Context and details for each from The Hill’s Tal Axelrod


OK, this headline wins:

The New York Times’s Sabrina Imbler writes, “When an Eel Climbs a Ramp to Eat Squid From a Clamp, That’s a Moray.” 

(It took me a minute to get the headline.)

The full story — plus video of the eel climbing the ramp! 

^I’ve seen several tweets calling for this headline to win a Pulitzer.


It must be a weird feeling when all your buds are debating when they want you to retire:

Via The Hill’s Alexander Bolton, “Liberal activists fearful of Democrats losing control of the Senate are pushing for stalwart liberal Justice Stephen Breyer to retire this year, but Democratic senators don’t share their enthusiasm, knowing a fall confirmation battle could quickly become a partisan circus.” 

Why Democratic senators aren’t eager for Breyer to leave: “They aren’t spoiling for another bruising Senate confirmation fight, which could put President BidenJoe BidenGOP report on COVID-19 origins homes in on lab leak theory READ: The .2 trillion Infrastructure Investment and Jobs Act Senators introduce bipartisan infrastructure bill in rare Sunday session MORE’s legislative agenda on hold and further fuel partisan tensions in the chamber.”

Tidbit — where Sen. Elizabeth WarrenElizabeth WarrenCalifornia Democrats warn of low turnout in recall election Pelosi disputes Biden's power to forgive student loans Warren hits the airwaves for Newsom ahead of recall election MORE (D-Mass.) stands on the issue: Oh, I have no comment on that. None,” Warren said. 

The debate


Biden knows that his July 4 deadline will likely be a miss:

Via NBC’s Mike Memoli, “The Biden administration planned to concede Tuesday that it will likely fall short of President Joe Biden’s goal of partially vaccinating 70 percent of American adults by Independence Day, but insist it has ‘succeeded beyond our highest expectations’ in returning the nation to a pre-pandemic normal.” 

Where the White House stands — we will hit the goal for 27+, not 18+: “Jeffrey Zients, the head of the White House COVID-19 response team, was scheduled to announce that the administration has hit its 70 percent vaccination target among Americans ages 30 and older, and is poised to reach that threshold for those 27 and older by the Fourth of July. But it will take ‘a few extra weeks’ to include all Americans 18 and older to that group, he is to acknowledge.”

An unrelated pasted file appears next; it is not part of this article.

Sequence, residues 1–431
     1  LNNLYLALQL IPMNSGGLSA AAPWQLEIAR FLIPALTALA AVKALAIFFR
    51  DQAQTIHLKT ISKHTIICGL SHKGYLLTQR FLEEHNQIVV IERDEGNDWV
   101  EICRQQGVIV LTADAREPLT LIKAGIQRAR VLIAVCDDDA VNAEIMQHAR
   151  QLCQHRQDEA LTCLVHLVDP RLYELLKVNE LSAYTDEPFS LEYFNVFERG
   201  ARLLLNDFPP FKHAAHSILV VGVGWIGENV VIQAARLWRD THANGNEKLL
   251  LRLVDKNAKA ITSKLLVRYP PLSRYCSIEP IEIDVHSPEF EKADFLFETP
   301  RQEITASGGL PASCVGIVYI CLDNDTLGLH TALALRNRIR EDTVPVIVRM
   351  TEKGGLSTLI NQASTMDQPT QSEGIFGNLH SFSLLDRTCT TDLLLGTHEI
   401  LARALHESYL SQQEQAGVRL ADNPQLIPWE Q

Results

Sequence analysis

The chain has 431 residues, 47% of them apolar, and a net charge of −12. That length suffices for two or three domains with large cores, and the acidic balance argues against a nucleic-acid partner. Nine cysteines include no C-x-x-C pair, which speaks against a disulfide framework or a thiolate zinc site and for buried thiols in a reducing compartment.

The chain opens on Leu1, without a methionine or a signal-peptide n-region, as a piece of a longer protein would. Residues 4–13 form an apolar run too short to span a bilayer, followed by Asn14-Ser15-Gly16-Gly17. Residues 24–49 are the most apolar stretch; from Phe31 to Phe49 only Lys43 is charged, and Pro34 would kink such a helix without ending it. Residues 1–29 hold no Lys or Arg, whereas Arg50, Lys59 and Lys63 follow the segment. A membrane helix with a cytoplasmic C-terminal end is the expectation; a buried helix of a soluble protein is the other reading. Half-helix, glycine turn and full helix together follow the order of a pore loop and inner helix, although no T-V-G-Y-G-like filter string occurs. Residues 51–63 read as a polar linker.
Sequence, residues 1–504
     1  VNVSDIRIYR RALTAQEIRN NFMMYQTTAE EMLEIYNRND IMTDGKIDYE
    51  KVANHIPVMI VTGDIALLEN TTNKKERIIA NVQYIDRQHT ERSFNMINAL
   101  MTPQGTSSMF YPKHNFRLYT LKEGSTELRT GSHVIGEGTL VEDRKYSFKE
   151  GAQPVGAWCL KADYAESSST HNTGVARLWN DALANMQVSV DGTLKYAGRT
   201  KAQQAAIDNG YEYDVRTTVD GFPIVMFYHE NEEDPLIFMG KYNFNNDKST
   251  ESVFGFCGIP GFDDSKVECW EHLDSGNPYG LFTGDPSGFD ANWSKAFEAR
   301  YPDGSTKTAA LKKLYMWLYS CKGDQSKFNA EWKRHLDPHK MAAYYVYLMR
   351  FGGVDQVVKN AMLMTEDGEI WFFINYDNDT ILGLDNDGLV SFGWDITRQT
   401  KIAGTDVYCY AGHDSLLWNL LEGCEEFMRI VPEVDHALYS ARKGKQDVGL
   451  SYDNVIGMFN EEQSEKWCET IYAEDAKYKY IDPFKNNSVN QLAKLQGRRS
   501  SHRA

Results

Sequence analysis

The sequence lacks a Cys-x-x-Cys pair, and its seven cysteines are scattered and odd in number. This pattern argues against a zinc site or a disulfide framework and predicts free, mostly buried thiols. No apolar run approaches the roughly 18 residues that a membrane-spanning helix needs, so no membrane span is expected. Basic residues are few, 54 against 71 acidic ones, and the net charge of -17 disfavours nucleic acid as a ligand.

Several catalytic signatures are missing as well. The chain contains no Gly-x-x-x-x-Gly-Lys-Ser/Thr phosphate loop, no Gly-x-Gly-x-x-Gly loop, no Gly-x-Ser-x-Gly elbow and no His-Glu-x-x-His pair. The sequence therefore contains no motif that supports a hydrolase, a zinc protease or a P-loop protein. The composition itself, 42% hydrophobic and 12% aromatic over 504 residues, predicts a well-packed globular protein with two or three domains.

Just over 45 percent fully vaccinated




Coronavirus cases in the U.S.: 33,555,224

U.S. death toll: 602,118

Breakdown of the numbers


Total number of vaccinations administered in the U.S.: 319 million shots have been given.

Seven-day average of doses administered: An average of 1.13 million doses

For context: The U.S. population is roughly 331 million.

Breakdown of the numbers:



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Great, this toddler could likely beat me in tennis in a year or two:


Serena with her daughter



Today in ‘Wilmington Heavily Leans Into Being The President’s Hometown’:


Biden portraits on a Dunkin Donuts wall




The House and Senate are in. President Biden and Vice President Harris are in Washington, D.C.

10:15 a.m. EDT: President Biden and Vice President Harris received the President’s Daily Brief.

11:45 a.m. EDT: Two roll call votes in the Senate. The Senate’s full agenda today

12:30 p.m. EDT: President Biden has lunch with Vice President Harris.

1:45 p.m. EDT: President Biden meets with FEMA Administrator Deanne Criswell and Homeland Security Advisor and Deputy National Security Advisor Dr. Elizabeth Sherwood-Randall.

2:30 p.m. EDT: Another roll call vote in the Senate.

5:30 p.m. EDT: A cloture vote in the Senate.

6:30 p.m. EDT: First and last votes in the House. The House’s full agenda today

1 p.m. EDT Wednesday: The Hill is hosting a virtual event, “America's Unfinished Business: An LGBTQ+ Summit.” Speakers and how to RSVP


10 a.m. EDT: D.C. Mayor Muriel BowserMuriel BowserThe Hill's Morning Report - Presented by Facebook - Biden sets new vaccine mandate as COVID-19 cases surge Overnight Health Care: Biden tells federal workers to get vaccinated or submit to testing | President calls on states to offer 0 vaccine incentives | DC brings back indoor mask mandate starting Saturday House GOP stages mask mandate protest MORE (D) testified on statehood for Washington, D.C. Livestream

12:30 p.m. EDT: The White House COVID Response Team holds a press briefing. Livestream 

1 p.m. EDT: White House press secretary Jen PsakiJen PsakiMeghan McCain: Democrats 'should give a little credit' to Trump for COVID-19 vaccine House adjourns for recess without passing bill to extend federal eviction ban Hunter Biden blasts those criticizing price of his art: 'F--- 'em' MORE holds a press briefing. Livestream 

1 p.m. EDT: The Hill is hosting a virtual event, “Mental Health, Addiction & the COVID-19 Pandemic.” Speakers and how to RSVP


Today is National Chocolate Eclair Day and National Onion Ring Day!

I want you to hear this from me before you briefly get your hopes up:

Via Washingtonian’s Jessica Sidman, “An Imposter In-N-Out Food Truck Is Roaming Around DC.” 

“Photos of the imposter began circulating on Reddit earlier this week after it was spotted around the National Mall. The red truck touted a rip-off logo, photos from the In-N-Out website, and a copycat menu including a ‘Double-Double,’ cheeseburger, burger, French fries, and shakes. Prices were scrawled by hand.” 

Here’s a photo 

And here’s the Reddit thread

And to brighten your Tuesday afternoon, here’s a puppy that is striving to be an individual, to stand outside the pack, to be its own canine:  

If everyone jumped off a bridge, this lil’ guy sure wouldn’t, let me tell you!


This pup is not waking up!